Reflection: Great Expectations by Kathy Acker

I feel like I come across authors at just the right time in my life. In my early 20s, as a young and terrified queer woman, it was Jeanette Winterson. She was gifted to me on my twenty first birthday by a schoolfriend. Ten years later (and late to the party), it was Angela Carter. She was a writer whose urgency leaked through the page and into me. Most recently, it has been Kathy Acker. Her rage, her despair, her passion, resonates with me right now. I don’t know if it’s because she seems a long past oracle of the current zeitgeist; her depictions of toxic masculinity, written during the early 80s could have been written last week. She is a Casssandra. Her Great Expectations, made me work as much as Dickens’ rambling tome did. But where Dickens’ skill is in setting scene, hers in in unpacking a character.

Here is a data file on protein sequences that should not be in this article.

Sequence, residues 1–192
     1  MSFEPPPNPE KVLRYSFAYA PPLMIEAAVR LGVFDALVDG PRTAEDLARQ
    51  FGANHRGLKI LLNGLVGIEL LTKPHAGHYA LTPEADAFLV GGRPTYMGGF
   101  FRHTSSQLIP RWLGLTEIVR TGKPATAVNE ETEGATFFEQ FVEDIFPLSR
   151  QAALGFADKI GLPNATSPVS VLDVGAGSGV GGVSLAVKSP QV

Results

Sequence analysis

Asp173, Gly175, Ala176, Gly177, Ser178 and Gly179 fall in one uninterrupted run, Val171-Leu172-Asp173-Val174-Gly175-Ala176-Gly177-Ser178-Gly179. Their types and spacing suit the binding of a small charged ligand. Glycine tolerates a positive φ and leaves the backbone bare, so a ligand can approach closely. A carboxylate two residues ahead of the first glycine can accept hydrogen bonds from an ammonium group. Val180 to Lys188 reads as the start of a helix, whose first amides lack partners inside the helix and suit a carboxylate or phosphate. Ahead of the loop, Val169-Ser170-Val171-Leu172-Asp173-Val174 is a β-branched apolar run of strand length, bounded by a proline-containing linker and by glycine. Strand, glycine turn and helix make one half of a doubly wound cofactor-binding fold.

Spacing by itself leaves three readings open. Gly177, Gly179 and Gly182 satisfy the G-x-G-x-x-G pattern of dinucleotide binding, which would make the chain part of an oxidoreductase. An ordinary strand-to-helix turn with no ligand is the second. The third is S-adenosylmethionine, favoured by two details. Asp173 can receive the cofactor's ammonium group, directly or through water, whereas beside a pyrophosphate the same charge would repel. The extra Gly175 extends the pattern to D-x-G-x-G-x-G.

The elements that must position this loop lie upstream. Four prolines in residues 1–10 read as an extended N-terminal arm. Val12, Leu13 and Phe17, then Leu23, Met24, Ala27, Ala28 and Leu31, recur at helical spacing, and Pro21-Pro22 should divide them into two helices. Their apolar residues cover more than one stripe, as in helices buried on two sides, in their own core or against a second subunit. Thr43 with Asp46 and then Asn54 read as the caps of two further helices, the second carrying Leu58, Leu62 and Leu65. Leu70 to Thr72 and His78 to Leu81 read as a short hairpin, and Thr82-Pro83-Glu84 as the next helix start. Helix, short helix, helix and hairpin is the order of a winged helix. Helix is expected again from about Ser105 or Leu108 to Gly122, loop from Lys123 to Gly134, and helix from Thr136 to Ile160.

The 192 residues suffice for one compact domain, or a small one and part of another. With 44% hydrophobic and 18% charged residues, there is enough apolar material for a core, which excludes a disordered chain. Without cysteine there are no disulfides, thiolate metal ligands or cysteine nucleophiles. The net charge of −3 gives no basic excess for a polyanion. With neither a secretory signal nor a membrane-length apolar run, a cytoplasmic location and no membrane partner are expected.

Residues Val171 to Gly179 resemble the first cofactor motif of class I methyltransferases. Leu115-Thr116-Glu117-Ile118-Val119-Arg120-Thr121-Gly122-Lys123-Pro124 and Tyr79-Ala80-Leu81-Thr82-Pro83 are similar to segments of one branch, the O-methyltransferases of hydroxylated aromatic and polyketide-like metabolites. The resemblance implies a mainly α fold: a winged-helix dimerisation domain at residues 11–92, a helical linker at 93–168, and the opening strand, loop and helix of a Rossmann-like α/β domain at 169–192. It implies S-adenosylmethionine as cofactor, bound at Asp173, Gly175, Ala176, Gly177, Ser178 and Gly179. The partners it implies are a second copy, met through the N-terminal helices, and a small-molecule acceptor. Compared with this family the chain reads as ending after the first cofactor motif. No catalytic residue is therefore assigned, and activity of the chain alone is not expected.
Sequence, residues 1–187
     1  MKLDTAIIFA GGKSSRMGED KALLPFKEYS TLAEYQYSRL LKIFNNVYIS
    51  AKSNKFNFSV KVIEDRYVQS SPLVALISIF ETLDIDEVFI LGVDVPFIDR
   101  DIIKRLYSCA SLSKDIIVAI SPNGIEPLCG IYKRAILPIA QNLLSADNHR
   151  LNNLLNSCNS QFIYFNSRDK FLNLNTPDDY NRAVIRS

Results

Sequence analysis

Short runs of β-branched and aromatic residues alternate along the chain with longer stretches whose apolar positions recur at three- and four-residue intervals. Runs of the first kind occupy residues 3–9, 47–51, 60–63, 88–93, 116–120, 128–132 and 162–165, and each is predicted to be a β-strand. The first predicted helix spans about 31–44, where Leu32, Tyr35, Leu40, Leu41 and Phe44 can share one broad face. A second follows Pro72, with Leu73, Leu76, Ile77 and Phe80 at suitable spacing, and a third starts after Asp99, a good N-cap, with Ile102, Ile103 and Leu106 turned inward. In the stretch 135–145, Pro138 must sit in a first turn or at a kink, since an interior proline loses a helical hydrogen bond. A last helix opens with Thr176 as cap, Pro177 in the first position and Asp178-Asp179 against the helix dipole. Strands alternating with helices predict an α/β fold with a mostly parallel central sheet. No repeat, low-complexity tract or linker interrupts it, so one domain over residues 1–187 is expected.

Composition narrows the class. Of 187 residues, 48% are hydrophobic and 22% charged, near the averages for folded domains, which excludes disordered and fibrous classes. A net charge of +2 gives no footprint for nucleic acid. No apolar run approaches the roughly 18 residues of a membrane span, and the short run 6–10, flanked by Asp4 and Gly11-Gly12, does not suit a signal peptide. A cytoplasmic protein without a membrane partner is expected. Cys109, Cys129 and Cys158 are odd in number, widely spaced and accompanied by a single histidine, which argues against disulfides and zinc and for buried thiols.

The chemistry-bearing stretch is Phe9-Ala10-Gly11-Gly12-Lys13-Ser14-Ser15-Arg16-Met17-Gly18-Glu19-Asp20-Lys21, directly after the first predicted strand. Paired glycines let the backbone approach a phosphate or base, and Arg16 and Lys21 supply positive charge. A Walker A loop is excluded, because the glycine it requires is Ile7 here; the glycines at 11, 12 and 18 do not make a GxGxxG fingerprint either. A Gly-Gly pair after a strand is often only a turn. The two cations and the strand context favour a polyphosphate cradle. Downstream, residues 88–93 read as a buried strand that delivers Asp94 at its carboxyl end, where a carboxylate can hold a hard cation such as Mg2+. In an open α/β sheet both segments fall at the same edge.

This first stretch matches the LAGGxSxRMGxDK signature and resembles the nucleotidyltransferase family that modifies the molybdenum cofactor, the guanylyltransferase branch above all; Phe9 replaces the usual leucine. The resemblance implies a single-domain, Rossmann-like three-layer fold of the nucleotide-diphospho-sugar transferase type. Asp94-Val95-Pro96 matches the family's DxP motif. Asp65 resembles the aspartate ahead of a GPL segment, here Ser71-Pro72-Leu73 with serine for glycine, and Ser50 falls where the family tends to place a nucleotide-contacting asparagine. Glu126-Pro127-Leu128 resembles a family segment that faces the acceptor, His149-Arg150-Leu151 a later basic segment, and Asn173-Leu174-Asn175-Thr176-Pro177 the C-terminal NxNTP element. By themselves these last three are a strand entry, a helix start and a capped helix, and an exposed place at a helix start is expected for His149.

In truth, I think that Acker is playing less with Great Expectations than she is with Orlando. Like Woolf’s hero, Acker’s narrator is unreliable and ambiguous. Like so many other writers (particularly those who are women) she plays with the question of focalisation, pushing readers to remember that the narrator is a character, not the author herself. The story jumps literary styles, prose, to poem, to script. It jumps times and locations, it circles back on itself. Anxieties and neuroses reappear as the narrator tries to resolve their sense of self, a sense of self that is a product of post-modernity, that has no centre with which to locate itself. Life writing is, if anything, a search for that centre and Acker cannot be the centre for that dislocated focalisor. The story moves between worlds, the only continual theme being the ways in which men betray and hurt women. Men enact these violences in a number of ways: the are economic, they are sexual, they are systemic and they are internalised. The book made me think about the ways in which I search for approval, the expectations I have of others as well as of myself. Great Expectations is a slow read. It bears reading, and re reading while the reader tries to trace the peripheries of this Pirrip. What grows from this pip will change with every reading.

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